Your reviewThis is the 8th in Donna Andrew's humorous mystery series about Meg Langslow, a blacksmith and solver of mysteries. Andrews is often compared to Janet Evanovich since they both write mysteries with humor, but that's about the only commonality. I like both series, with maybe Andrews my preference by a hair. It is often said that truth is stranger than fiction, but I'm not always sure that is true... Andrews comes up with some pretty bizarre scenarios, matched by interesting titles that actually have some relationship to the plots of the books.

In this book, Meg and her fiance Michael are finally set to move into the old house they've been renovating, so lots of Meg's relatives show up for the moving and the followup party. The festivities are somewhat postponed when Meg's father finds a body in the basement while digging a pool for the penguins. The penguins? one asks, and it turns out that the local zoo has asked people to help keep the animals while it recovers. Meanwhile word has gotten out through Meg's dad that the animals can be sent to Meg for keeping. Is the body in the basement the zoo's keeper?

Andrew's plots are actually decent, not just an excuse for the humor, but the humor abounds, often laugh-out-loud funny...and that tends to earn me odd looks from my cats.

This entry in the series is quite good. My favorite is still the fourth, Crouching Buzzard, Leaping Loon, but there hasn't been a dud in the whole series so far.
PublicationSt. Martin's Minotaur (2007), Hardcover, 272 pages
Publication date2007
ISBN0312329423 / 9780312329426

Friday, December 28, 2007

Movie review: Amazing Grace

Amazing Grace is the story of William Wilberforce and his effort to end the slave trade in the British Empire. It is, er, um, an Amazing story and director Michael Apted and writer Stephen Knight tell it well.

It is not, of course, solely Wilberforce's story. It is also the story of those who persuaded him to get into this fight, those who fought with him, those who opposed him, and, yes, about those millions of slaves transported into death or servitude. Wilberforces's mentor, John Newsom (played wonderfully well by Albert Finney), was captain of a slave ship for twenty years, until he repented. He spoke of constantly having 20,000 ghosts with him, the ghosts of the slaves he transported. Out of his anguish at what he had done, he wrote the hymn Amazing Grace. When he speaks of "grace that saved a wretch like me" it was a true cry of his heart and tormented mind. The experience of slavery is directly told by Olaudah Equiano, played by African musician Youssou N'Dour. Sadly Equiano did not live to see the slave trade ended, but his book about his experiences sold 50,000 copies and had a major impact on public opinion.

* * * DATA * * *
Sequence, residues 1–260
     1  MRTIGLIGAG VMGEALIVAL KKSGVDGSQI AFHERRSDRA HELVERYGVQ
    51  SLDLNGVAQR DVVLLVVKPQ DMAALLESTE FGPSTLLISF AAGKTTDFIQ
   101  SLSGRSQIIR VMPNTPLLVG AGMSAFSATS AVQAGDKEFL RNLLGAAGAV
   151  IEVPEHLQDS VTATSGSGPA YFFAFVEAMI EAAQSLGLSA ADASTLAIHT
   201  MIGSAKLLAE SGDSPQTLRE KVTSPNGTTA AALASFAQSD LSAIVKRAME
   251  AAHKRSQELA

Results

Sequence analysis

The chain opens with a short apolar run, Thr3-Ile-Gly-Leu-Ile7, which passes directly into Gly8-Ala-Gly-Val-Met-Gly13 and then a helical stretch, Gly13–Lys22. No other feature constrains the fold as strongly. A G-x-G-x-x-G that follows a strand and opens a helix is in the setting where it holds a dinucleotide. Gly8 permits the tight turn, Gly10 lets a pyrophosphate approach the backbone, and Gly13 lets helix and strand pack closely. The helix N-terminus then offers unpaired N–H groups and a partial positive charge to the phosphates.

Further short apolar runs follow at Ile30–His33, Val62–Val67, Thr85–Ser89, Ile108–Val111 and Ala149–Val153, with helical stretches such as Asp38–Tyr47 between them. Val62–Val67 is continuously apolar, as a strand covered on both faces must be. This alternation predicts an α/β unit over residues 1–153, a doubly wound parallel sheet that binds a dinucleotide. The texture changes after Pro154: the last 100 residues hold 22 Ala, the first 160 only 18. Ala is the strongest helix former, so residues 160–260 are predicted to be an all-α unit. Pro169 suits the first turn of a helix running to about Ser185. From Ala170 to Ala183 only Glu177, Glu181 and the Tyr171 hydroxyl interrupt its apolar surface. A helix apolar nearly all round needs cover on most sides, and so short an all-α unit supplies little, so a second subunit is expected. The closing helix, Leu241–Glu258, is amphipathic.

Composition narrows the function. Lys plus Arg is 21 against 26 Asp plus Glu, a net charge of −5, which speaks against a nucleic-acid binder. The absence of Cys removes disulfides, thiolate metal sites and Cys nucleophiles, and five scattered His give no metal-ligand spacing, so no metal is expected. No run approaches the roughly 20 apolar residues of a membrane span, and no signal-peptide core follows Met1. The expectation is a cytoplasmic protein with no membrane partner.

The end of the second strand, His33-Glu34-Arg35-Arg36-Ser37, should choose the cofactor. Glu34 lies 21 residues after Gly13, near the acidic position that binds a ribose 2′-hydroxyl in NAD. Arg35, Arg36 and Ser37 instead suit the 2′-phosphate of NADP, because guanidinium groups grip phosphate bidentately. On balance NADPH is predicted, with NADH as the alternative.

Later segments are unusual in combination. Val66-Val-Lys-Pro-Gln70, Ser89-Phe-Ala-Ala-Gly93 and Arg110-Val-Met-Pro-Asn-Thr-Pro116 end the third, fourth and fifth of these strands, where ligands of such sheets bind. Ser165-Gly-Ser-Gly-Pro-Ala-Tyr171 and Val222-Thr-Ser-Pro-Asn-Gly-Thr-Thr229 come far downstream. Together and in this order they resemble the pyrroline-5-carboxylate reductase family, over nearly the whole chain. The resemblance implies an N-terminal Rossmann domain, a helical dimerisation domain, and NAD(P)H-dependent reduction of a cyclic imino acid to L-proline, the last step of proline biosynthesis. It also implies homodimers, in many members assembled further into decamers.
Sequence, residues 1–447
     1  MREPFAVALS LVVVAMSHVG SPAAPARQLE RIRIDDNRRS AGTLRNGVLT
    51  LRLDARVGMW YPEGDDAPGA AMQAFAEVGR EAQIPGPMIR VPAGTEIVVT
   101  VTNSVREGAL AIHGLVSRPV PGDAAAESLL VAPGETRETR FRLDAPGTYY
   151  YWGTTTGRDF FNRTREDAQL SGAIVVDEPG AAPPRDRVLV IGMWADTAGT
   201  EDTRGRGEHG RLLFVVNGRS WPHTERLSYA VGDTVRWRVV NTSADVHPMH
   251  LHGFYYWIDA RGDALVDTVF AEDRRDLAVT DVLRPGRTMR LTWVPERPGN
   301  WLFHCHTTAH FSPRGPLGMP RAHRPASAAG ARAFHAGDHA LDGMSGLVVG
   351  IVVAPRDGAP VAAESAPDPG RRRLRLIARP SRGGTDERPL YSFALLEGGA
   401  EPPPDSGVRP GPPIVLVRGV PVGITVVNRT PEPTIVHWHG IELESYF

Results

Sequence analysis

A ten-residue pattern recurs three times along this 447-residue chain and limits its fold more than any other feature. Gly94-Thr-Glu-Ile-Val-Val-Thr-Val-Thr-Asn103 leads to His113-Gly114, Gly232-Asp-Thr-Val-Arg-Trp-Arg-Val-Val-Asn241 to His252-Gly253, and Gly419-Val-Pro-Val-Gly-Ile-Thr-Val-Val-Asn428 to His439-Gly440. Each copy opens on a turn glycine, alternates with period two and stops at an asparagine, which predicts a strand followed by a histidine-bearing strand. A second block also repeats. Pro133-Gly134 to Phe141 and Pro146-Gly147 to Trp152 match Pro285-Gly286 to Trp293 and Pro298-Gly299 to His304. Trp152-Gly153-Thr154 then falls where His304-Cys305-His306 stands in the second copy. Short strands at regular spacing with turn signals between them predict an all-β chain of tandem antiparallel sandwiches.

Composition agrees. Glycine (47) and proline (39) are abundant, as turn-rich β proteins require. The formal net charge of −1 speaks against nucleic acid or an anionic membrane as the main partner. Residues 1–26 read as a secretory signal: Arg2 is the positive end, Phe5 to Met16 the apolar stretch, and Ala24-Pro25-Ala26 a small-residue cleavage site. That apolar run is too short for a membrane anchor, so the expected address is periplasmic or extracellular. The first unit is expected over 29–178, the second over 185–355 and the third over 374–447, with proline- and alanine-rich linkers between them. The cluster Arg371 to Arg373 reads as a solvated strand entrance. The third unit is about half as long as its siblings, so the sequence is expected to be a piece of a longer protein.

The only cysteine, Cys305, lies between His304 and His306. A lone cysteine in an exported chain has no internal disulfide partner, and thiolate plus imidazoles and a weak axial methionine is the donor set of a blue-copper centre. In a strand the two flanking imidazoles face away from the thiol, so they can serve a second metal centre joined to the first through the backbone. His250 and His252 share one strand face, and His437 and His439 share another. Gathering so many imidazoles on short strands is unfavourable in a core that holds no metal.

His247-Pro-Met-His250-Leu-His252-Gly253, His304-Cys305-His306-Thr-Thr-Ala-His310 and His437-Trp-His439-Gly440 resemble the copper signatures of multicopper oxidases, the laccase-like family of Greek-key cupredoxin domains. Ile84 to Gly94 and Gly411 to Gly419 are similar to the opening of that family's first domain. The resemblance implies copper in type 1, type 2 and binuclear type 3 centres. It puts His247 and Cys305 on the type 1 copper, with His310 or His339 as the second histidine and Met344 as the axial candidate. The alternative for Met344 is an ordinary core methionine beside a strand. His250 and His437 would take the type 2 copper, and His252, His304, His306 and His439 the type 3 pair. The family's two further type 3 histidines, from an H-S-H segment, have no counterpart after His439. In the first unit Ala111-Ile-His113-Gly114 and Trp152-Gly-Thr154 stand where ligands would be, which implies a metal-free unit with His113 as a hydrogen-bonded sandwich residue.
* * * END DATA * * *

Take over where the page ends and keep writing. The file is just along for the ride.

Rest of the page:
Once Wilberforce was convinced to join this fight, he committed to it though the odds against ending the slave trade were high. 300 of the Members of Parliament were in part supported by the slave trade. The fight took years of hard work, showing MPs and the public the horrors of the slave trade.

Wilberforce's most potent ally was William Pitt, who became Prime Minister at the age of 24. Benedict Cumberbatch does an excellent job of portraying Pitt, and Ioan Gruffuds does well as Wilberforce. The movie shows a taste of the forces pulling Wilberforce apart... Pitt has to delay action on the slave trade during the wars with the French, and warns Wilberforce against dangerous ideas, while the abolitionist Thomas Clarkson urges Wilberforce to come to France with him and help create a new world there.

Wilberforce was involved in many causes, including animal welfare. Oddly, he was, according to the New York Times review, anti-trade unions, leaving one of his contemporaries to remark that apparently you had to be an African slave to get Wilberforces's sympathy for bad working conditions. This was not pointed out in the movie, which portrays Wilberforce in an almost entirely positive light. I don't see that as a drawback, in this particular case. The audience knows no one is perfect, yet the cause was such a good one, and the winning of its goal is so uplifting, that anything else would have been a distraction.

The movied points out in the end that Wilberforce continued to work for the abolition of slavery after the ending of the slave trade, and it was accomplished 3 days before his death in 1833.

Amazing Grace is a movie that uplifts the soul and girds one to fight whatever one chooses as the good fight today. The special features section of the DVD has a good information on the work to end slavery in today's world. Highly recommended.

Book review: It's Getting Ugly Out There

TitleIt's Getting Ugly Out There: The Frauds, Bunglers, Liars, and Losers Who Are Hurting America
AuthorJack Cafferty
Tagsjack-cafferty, cnn, politics, media, george_w_bush